1. Lightning Calendar is an open source calendar option developed by Mozilla, and it’s compatible with Thunderbird and Seamonkey.
  2. Etar, an open source, basic calendar option.
  3. Fruux, an open source calendar with good features and support for many operating systems.
For those wanting a combined solution for both email and calendar functionality, these providers offer that:

Google Docs / Sheets / Slides alternative

There are many solid Google Docs alternatives available. The largest offline document editing suite is, of course, Microsoft Office. As most people know, however, Microsoft is not the best company for privacy. Nonetheless, there are a few other good Google Docs alternatives:
  1. CryptPad – CryptPad is a privacy-focused alternative with strong encryption, and it’s free.
  2. Etherpad – A self-hosted collaborative online editor that’s also open source.
  3. Mailfence Documents – From the Mailfence team, this is a secure file sharing, storage, and collaboration tool.
  4. Zoho Docs – This is another good Google Docs alternative with a clean interface and good functionality, although it may not be the best for privacy.
  5. OnlyOffice – OnlyOffice feels a bit more restricted than some of the other options in terms of features.
  6. Cryptee – This is a privacy-focused platform for photo and document storage and editing. It’s open source and based in Estonia.
  7. LibreOffice (offline) – You can use LibreOffice which is free and open source.
  8. Apache OpenOffice (offline) – Another good open source office suite.

Google Photos alternative

Here are a few good Google Photos alternatives:
Shoebox was another alternative, but it closed operations in June 2019.

YouTube alternatives

Unfortunately, YouTube alternatives can really be hit or miss, with most struggling to gain popularity.
  1. Peertube
  2. DTube
  3. Bitchute
  4. invidio.us
  5. Vimeo
  6. Bit.tube
  7. Dailymotion
  8. Hooktube
Tip: Invidio.us is a great Youtube proxy that allows you to watch any Youtube video without logging in, even if the video is somehow restricted. To do this, simply replace [www.youtube.com] with [invidio.us] in the URL you want to view.

Google translate alternative

Here are a few Google translate alternatives I have come across:
  1. DeepL – DeepL is a solid Google Translate alternative that seems to give great results. Like Google Translate, DeepL allows you to post up to 5,000 characters at a time (but the pro version is unlimited). The user interface is good and there is also a built-in dictionary feature.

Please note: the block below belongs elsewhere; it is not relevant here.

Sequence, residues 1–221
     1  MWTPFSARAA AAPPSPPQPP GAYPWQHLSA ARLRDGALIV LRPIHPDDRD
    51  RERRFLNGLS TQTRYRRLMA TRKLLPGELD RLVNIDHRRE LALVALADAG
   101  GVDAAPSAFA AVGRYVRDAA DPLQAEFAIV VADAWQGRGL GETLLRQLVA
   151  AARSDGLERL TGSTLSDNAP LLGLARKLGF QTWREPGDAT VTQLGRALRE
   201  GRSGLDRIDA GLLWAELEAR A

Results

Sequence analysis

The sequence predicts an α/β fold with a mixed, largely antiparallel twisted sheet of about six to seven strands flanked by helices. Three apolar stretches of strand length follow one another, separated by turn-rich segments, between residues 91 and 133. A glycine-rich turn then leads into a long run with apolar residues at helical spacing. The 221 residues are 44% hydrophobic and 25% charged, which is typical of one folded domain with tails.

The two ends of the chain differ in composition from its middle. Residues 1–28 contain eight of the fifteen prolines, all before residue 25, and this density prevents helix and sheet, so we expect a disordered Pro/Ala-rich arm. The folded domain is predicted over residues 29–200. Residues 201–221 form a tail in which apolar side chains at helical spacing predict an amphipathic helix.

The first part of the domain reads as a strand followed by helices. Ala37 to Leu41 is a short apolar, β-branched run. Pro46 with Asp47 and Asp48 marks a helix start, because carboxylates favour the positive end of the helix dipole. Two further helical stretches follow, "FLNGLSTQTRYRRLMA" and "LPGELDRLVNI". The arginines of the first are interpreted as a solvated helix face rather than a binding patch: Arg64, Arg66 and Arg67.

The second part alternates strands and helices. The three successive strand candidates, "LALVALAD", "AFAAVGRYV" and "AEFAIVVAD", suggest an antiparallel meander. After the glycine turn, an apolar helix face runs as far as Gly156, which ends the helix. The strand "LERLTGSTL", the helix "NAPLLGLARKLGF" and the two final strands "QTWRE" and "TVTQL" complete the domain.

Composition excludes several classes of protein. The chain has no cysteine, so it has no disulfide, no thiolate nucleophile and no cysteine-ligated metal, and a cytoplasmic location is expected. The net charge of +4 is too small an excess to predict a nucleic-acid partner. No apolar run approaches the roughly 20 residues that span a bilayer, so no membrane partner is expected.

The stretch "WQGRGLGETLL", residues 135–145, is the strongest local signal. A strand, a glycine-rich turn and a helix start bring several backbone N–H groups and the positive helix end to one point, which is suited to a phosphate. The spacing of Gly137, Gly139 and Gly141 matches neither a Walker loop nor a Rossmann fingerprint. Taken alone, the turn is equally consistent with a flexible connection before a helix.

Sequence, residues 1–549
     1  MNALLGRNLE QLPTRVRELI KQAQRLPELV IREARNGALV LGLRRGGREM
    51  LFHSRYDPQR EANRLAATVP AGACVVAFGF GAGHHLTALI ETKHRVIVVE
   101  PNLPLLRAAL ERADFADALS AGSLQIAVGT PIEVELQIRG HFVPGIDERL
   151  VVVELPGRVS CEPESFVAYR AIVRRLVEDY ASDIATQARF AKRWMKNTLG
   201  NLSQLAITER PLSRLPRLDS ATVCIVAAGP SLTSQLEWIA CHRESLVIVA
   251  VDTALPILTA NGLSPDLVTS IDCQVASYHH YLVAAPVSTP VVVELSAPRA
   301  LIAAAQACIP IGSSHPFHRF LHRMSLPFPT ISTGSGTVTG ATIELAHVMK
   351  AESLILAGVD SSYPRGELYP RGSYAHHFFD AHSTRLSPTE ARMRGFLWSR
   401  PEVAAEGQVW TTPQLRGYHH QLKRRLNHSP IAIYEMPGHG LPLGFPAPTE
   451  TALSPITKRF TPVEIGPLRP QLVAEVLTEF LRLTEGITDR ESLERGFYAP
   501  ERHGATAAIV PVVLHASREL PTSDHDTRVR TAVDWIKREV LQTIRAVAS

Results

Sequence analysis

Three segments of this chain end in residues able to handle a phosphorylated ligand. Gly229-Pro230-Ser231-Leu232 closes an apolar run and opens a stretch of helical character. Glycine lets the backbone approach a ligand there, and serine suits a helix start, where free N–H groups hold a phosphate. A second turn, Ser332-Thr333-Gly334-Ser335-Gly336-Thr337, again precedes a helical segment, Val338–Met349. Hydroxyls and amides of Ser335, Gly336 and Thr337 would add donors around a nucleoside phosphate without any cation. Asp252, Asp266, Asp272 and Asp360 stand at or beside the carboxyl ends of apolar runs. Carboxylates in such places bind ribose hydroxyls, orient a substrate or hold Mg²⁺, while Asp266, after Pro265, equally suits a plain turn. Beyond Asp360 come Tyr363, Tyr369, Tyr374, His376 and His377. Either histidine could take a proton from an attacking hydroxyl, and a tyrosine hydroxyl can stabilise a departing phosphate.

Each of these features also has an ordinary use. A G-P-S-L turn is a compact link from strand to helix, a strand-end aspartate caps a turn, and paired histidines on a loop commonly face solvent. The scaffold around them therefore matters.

2. Linguee – Linguee does not allow you to post large blocks of text like DeepL. However, Linguee will give you very accurate translations for single words or phrases, along with context examples.
  3. dict.cc – This Google Translate alternative seems to do a decent job on single-world lookups, but it also feels a bit outdated.
  4. Swisscows Translate – A good translation service supporting many languages.
If you want to translate blocks of text, check out DeepL. If you want in-depth translations for single words or phrases, then Linguee is a good choice.

Google analytics alternative

For website admins, there are many reasons to use an alternative to Google analytics. Aside from privacy concerns, there are also faster and more user-friendly alternatives that also respect your visitors’ privacy.
  1. Clicky is a great alternative to Google Analytics that truncates and anonymizes visitor IP addresses by default. It is lightweight, user-friendly, and fully compliant with GDPR regulations, while also being certified by Privacy Shield.
  2. Matomo (formerly Piwik) is an open-source analytics platform that respects the privacy of visitors by anonymizing and truncating visitor IP addresses (if enabled by the website admin). It is also certified to respect user privacy.
  3. Fathom Analytics is an open source alternative to Google Analytics that’s available on Github here. It’s minimal, fast, and lightweight.
  4. Get Insights – Another privacy-focused analytics platform, with a full analytics suite. The front-end client is open source and available here.